London’s annual Nour Festival returns to the multicultural metropolis 20 October-6 November 2016, promising to highlight “the best of contemporary arts and culture from the Middle East and North Africa.” Sadly the festival’s overarching mission is challenged and overshadowed by unprecedented turmoil and fragmentation in the region it celebrates and showcases.
As the five-year-old festival’s audiences have come to know, nour means light in several languages of MENA. The word is replete with secular and religious, temporal and spiritual nuances in Arabic, Persian, Turkish, Kurdish, Urdu and many other languages besides. It’s a ready metaphor and a fitting title for a festival celebrating a whole range of art from performance to literature to visual. (A forerunner in Los Angeles, Noor Iranian Film Festival, has focused on cinema, mainly from Iran, since 2007).
But nour or light is in short supply these days and not just in the Middle East. As Europe awaits with bated breath some chink of light from America’s darkening horizons, Europe must first extinguish the fires being lit in unexpected corners by Britain’s controversial vote on Europe. Neither aspiration nor ambition nor endeavour seem an appropriate panacea—and it’s only just the beginning of who may know what.
Amidst these gross and gruesome uncertainties, art as ever offers some welcome solace, as does that mother of all intangibles, hope.
The festival’s programme suggests that optimism prevails amidst forbidding tableaux of turmoil and despair. The promise that something positive may lurk in dark places, when we least expect it, is the fuel that drives many a despondent spirit.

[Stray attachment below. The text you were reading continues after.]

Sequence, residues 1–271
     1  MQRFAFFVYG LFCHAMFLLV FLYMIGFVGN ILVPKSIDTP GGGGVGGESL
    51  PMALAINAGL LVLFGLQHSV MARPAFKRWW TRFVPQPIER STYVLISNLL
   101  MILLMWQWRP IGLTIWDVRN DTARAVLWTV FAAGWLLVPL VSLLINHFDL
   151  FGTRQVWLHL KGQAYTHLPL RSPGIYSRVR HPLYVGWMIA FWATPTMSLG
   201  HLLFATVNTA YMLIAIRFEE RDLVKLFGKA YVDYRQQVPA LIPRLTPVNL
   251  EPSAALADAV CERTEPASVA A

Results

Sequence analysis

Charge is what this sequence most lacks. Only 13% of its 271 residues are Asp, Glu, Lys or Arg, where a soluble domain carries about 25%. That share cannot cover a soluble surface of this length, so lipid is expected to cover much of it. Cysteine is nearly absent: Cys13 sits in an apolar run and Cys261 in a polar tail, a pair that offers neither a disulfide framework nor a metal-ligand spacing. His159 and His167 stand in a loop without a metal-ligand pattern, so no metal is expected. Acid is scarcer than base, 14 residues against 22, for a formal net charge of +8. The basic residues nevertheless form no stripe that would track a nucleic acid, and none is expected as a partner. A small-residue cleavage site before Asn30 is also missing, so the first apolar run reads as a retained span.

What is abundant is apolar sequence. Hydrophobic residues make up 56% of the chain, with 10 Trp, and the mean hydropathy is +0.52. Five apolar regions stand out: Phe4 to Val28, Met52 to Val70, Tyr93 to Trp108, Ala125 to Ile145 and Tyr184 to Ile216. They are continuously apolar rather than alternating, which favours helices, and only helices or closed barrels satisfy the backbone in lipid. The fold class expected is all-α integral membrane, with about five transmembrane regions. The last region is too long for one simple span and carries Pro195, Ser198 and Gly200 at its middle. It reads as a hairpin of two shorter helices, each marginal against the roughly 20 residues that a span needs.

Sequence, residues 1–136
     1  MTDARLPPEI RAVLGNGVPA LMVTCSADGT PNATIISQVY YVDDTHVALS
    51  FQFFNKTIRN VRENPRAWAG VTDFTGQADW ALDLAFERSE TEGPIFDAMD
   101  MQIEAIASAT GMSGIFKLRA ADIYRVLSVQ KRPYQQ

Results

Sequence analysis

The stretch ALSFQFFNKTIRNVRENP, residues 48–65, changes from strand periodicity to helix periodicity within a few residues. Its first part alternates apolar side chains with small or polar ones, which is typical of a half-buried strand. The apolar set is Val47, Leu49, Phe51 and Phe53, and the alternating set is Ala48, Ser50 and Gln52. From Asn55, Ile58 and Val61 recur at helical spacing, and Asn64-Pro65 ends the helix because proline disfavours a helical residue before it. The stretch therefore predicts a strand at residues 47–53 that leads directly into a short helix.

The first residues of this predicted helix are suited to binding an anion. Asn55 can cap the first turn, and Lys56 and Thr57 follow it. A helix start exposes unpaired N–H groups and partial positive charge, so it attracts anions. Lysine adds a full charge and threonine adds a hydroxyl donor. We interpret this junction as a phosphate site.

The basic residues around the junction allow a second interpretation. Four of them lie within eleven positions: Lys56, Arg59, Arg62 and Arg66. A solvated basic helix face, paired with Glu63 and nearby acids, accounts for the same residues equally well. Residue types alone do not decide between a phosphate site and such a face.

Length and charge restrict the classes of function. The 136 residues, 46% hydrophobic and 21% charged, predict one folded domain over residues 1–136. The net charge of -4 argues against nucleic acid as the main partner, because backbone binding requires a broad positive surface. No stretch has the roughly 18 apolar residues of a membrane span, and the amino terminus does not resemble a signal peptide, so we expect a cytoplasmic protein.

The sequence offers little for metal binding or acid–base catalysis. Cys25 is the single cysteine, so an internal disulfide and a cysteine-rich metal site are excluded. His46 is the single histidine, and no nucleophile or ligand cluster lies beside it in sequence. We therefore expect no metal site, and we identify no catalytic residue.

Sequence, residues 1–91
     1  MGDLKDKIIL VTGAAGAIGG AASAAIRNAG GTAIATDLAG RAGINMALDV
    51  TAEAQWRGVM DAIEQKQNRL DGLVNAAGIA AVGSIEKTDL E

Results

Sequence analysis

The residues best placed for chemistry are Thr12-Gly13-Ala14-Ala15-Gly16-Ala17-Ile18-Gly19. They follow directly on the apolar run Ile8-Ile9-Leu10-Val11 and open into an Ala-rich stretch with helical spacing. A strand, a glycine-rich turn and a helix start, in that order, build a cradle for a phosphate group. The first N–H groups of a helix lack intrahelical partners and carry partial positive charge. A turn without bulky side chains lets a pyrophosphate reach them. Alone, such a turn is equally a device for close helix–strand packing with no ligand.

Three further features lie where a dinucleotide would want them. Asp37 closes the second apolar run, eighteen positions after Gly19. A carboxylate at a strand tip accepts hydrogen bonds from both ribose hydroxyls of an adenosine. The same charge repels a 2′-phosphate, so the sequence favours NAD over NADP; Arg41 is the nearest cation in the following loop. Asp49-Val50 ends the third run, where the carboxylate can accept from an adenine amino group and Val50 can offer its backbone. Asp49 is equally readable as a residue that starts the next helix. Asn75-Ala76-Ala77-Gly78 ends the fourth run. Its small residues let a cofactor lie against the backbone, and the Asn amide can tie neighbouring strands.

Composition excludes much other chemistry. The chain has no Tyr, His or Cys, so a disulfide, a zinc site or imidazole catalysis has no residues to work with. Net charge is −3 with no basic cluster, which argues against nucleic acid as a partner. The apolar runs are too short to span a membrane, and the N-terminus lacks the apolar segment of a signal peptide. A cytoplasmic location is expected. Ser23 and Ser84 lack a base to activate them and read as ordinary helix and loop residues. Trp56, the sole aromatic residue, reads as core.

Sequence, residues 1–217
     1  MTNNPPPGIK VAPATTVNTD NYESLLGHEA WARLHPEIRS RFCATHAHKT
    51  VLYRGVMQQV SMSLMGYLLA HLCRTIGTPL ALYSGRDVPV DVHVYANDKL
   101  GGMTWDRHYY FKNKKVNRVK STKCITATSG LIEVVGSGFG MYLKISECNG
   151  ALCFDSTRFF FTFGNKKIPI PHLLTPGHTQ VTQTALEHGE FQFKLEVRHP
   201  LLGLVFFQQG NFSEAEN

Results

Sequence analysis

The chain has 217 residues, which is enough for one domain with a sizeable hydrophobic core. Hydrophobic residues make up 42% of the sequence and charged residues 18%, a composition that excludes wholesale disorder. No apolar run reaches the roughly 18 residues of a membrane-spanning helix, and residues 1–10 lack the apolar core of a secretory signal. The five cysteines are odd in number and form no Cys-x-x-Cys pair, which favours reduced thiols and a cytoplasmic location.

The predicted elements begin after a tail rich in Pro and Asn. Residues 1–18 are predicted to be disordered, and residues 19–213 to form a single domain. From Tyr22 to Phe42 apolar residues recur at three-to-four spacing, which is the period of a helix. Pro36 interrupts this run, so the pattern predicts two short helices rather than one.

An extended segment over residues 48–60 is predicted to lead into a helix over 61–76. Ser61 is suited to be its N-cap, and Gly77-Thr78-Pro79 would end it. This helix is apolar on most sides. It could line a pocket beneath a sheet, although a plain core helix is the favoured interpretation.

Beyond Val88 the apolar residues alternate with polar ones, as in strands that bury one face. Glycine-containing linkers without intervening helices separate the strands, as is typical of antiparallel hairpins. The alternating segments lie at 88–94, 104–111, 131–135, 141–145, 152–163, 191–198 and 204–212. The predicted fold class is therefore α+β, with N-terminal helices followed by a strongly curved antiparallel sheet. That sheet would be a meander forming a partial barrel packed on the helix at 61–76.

Art has come to the festival from places torn by trouble and strife. To be sure, more of it would have come, but for the circumstances beyond control of many of those wanting to take part, and not least of the obstacles being visa curbs in the aftermath of Brexit.
Several of the countries featured in the festival are among those caught amidst mindless wrecking of the arts, civilisations, culture and society in Iraq, Syria, Yemen and elsewhere. The violators of civilians and civilisations include countries that fund art, art fairs and art museums in their own lands, so how ironic is that?
And while they are at it, the conflicts they are blindly bankrolling are setting in store future deprivation that will divest their own citizenry not only of art but of basic comforts. Because funds meant for public welfare in posterity are squandered on weapons in pursuit of illusions of power.
Meanwhile, tens of thousands seeking refuge from war have perished or been reduced to humiliation in Europe. Many of those homeless would have produced more art, for festivals such as this one, but now they struggle for shelter and sustenance.
Still, art seldom fails to touch the heart or change our lives, however imperceptibly. The festival’s potential for entertainment, education and reflection no doubt is immense and suitable for people of diverse persuasions and tastes, but the suggestion of hope is a bonus. © Sajid Rizvi.
Read more at Eastern Art Report magazine website and The Middle East in Europe magazine website
Nour Festival is coordinated by the Royal Borough of Kensington and Chelsea